Too many hoops to jump through for new reactors.

-1 ( +0 / -1 )

@zichi

Just to be clear, I am fully supportive of the transition to renewable energy. My worry is that a rushed and poorly planned implementation of renewable power without resolving its major drawbacks can lead to a catastrophic faliure. A faliure that Big Oil execs can hijack to push their own agendas and sabotage the renewable energy revolution. The blackouts in my home state of South Australia come to mind and the resulting political backlash against Australia's wind farms pushed by our Murdoch media.

Even France which generates the most nuclear energy at 70% has not achieved 100%. 

And that remaining 30% gap is being rapidly filled by renewable energy projects. Thereby France is on track to meet its emissions reduction targets while still being able to provide cheap and reliable electricity to its citizens. Compare that to Germany which is still struggling to get rid of its coal plants. Germany increased its CO2 emissions at the start if this year becuase they had to burn more coal and gas to make up for a less windy season.

Both Hitachi and Toshiba have been running down their nuclear businesses. Many nuclear engineers have left the industry and fewer students go to universities to become nuclear engineers.

No the nuclear industry is quite resilient. The greatest strides in Gen 4 nuclear tech is coming out of China and Russia who have not given in to the nuclear paranoia.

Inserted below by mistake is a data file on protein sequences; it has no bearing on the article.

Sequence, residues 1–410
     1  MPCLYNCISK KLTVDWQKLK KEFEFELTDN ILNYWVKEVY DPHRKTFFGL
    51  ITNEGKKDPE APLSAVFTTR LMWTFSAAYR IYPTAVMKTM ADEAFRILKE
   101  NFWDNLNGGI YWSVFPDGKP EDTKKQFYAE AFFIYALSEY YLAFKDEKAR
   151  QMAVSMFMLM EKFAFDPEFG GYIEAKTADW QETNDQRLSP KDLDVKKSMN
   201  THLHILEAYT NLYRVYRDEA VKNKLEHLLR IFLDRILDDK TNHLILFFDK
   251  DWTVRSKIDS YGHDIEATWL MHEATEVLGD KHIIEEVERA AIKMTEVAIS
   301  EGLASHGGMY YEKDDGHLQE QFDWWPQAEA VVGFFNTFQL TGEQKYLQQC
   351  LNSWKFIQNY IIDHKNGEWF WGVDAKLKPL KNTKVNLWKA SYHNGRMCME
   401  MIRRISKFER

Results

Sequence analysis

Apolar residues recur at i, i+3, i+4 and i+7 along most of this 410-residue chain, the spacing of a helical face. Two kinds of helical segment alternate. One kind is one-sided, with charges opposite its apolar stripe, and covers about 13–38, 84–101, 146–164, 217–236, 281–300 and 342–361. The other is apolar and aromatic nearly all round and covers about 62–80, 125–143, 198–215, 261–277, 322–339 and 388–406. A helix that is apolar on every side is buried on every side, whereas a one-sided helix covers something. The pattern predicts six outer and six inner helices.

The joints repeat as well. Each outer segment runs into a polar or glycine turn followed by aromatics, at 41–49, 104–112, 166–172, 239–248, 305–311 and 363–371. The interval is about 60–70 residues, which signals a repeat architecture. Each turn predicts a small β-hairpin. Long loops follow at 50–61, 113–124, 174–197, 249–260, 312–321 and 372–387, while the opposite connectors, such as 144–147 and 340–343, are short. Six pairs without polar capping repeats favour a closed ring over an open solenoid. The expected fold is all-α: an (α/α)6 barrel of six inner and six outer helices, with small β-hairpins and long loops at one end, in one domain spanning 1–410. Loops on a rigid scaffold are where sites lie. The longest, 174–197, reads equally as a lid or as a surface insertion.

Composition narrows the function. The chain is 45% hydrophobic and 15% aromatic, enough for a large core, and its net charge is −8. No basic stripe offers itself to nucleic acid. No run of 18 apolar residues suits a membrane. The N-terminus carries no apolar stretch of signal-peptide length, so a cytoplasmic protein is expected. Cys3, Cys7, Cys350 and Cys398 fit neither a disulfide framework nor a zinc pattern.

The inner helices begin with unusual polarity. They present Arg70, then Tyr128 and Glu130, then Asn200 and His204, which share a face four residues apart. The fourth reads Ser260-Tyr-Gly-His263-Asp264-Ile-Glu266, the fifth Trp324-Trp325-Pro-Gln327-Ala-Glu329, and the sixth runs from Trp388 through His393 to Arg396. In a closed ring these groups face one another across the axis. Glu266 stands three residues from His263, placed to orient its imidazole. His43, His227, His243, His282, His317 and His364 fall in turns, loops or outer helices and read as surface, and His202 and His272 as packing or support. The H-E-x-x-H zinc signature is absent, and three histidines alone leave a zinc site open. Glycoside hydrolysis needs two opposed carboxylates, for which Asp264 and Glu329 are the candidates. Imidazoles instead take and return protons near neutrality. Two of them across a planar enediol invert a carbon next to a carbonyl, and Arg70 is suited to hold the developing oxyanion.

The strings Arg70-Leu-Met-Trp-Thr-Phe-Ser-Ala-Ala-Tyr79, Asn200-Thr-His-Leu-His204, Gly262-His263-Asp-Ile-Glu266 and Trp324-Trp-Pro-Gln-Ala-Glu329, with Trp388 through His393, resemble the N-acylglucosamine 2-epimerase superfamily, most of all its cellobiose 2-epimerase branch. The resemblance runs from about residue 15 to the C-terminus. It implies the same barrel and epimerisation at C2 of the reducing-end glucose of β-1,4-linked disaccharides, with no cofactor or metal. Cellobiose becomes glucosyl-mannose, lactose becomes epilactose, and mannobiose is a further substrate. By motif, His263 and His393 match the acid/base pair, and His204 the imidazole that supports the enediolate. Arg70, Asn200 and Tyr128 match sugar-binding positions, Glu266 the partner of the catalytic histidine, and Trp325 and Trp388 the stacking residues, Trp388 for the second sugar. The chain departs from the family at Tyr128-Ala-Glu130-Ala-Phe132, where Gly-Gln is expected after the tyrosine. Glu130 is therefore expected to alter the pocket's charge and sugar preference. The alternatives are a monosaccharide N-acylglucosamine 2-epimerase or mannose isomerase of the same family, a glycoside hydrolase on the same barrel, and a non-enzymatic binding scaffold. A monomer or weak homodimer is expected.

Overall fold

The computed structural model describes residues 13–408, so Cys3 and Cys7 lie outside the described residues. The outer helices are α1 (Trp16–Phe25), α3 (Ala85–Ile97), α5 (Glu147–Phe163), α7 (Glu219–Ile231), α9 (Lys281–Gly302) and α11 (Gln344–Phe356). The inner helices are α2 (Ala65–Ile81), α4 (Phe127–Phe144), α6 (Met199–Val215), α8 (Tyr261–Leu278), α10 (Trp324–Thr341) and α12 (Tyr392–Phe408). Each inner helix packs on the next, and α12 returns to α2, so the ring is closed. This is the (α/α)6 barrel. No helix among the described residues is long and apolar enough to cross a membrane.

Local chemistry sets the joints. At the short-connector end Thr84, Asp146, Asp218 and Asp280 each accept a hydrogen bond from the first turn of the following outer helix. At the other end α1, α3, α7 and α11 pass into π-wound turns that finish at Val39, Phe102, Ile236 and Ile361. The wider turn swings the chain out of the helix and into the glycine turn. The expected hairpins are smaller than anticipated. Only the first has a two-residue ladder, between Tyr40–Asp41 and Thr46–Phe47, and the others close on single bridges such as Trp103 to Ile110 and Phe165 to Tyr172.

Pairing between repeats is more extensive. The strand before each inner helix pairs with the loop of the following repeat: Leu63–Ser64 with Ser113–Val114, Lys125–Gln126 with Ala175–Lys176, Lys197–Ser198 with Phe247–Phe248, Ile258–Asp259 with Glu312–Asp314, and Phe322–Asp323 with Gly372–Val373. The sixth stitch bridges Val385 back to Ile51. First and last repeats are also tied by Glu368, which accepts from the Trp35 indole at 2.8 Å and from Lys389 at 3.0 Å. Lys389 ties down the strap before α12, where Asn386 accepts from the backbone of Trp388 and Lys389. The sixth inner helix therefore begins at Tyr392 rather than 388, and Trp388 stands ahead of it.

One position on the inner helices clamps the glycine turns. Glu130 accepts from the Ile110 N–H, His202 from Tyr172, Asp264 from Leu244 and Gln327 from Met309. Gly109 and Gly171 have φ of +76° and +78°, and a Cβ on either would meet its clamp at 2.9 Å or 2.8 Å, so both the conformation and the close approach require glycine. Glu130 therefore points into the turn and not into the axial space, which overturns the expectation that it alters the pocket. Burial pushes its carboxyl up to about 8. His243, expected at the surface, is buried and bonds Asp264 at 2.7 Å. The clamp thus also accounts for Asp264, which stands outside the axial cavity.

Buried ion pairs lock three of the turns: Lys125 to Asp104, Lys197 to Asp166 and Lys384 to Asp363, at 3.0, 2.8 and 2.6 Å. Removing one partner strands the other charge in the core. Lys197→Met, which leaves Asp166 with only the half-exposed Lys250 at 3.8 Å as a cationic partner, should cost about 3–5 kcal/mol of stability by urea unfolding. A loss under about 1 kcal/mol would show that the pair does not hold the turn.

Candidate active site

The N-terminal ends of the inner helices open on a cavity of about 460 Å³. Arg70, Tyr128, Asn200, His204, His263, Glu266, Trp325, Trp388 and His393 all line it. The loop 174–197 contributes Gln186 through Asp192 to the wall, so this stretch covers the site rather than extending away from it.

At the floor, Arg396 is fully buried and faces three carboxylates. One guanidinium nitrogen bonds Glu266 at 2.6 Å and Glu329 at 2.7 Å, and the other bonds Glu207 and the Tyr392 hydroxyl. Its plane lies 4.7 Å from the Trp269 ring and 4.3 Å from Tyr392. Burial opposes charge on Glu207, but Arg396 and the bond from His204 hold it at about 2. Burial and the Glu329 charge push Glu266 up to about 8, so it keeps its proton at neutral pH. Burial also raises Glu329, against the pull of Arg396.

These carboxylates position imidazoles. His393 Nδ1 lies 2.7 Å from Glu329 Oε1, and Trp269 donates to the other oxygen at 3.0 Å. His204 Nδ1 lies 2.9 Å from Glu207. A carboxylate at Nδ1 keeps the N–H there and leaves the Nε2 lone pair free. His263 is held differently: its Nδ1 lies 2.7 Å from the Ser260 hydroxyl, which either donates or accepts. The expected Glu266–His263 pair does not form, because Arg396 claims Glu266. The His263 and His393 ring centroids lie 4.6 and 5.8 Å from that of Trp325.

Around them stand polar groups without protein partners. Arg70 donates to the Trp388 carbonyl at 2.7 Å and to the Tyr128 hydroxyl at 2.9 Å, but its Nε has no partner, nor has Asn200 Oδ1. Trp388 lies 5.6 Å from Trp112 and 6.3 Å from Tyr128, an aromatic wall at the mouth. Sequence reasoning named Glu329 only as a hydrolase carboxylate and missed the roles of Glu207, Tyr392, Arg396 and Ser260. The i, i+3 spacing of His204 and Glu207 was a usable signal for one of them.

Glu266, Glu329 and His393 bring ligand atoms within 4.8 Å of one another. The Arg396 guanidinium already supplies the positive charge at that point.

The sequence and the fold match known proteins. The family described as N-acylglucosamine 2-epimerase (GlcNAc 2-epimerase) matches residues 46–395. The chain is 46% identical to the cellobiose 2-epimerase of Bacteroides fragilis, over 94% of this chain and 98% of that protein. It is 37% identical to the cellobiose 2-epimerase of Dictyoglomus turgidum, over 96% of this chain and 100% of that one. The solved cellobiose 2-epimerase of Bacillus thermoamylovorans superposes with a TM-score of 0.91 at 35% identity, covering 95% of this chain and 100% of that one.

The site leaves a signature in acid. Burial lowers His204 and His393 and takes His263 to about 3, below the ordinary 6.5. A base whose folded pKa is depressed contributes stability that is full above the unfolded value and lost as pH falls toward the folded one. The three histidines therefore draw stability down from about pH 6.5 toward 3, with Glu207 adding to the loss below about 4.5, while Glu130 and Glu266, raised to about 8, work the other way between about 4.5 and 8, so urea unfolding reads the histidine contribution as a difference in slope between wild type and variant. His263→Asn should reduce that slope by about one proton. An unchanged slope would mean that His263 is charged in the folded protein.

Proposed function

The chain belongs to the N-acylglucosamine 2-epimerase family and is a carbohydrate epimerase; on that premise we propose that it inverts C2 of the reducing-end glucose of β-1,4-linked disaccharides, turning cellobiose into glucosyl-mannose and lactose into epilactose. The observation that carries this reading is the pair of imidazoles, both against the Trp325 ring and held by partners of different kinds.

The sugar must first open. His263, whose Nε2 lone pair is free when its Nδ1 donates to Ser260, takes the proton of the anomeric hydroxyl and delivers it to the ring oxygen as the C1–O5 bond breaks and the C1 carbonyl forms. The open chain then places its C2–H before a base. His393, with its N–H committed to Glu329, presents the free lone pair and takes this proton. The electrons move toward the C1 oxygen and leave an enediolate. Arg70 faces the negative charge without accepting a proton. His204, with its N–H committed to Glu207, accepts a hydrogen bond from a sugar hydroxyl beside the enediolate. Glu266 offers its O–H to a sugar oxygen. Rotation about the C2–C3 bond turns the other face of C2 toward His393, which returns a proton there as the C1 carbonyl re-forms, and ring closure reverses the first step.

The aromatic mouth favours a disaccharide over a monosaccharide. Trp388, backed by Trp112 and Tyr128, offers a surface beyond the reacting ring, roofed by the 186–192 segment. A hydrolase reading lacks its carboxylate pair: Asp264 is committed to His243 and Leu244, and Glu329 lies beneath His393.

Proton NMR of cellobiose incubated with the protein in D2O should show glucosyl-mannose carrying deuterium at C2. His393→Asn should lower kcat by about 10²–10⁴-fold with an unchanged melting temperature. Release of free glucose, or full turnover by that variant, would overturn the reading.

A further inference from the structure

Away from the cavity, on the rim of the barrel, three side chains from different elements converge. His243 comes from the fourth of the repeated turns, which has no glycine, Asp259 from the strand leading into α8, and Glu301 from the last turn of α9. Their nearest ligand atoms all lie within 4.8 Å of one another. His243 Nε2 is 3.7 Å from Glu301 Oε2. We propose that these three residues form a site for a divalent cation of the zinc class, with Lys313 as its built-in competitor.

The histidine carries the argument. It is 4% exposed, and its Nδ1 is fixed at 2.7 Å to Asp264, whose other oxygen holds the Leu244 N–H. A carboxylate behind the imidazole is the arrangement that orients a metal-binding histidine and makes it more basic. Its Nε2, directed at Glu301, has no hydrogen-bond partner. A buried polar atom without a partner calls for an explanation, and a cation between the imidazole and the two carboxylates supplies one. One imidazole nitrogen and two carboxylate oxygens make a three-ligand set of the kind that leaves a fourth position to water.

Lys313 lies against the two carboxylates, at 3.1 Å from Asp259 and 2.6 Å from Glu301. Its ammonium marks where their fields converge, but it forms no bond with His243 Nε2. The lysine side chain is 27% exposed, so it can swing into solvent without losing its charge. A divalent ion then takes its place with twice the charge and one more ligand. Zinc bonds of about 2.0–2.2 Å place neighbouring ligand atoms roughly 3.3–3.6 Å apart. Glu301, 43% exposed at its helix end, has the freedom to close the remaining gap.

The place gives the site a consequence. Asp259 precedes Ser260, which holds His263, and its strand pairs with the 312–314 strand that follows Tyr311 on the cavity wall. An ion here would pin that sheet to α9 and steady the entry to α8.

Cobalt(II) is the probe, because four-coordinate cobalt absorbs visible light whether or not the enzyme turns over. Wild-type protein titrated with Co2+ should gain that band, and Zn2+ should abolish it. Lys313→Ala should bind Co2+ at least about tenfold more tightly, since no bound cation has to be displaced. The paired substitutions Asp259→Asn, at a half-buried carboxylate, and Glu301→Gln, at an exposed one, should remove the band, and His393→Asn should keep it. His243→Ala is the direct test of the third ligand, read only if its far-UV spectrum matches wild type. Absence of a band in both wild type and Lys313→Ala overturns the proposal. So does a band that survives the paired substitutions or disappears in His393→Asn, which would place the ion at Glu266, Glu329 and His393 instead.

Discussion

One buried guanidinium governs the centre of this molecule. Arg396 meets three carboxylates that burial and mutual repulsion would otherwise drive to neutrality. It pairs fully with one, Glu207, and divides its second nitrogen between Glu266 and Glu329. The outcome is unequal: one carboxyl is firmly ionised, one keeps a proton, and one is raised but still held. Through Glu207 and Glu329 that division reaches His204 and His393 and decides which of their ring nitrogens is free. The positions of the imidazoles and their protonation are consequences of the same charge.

Worldwide nuclear energy has only achieved 14% of total electricity.

Because nuclear reactors have a higher upfront cost to build compared to coal and gas plants. But over the course of a nuclear reactor's 60 year life it becomes more profitable to operate compared to a coal or gas plants. But politicians make desicions over the course of their election cycles not over the next 60 years. I am sure that Big Oil execs are watching on with glee as they are the biggest benefactors over the downturn of the nuclear industry.

Japan is a very unstable country on the Ring of Fire and some of the powerful earthquakes in the world. Atomic plants built on fault lines.

Not a problem with upcoming Gen 4 designs that have passive safety designs as countermeasures.

0 ( +0 / -0 )

Cost of 50 new Gen 3 reactors.

¥50,000,000,000,000.

Gen IV reactors are decades off being commercially available. To date they have failed to produce the results. I hope one day they will but I will no longer be living. Already 70.

No the nuclear industry is quite resilient. The greatest strides in Gen 4 nuclear tech is coming out of China and Russia who have not given in to the nuclear paranoia.

New reactors need trained and qualified engineers and since Fukushima many have left the industry, some have gone to work in other countries. Nuclear engineering is no longer popular at universities because they see no future.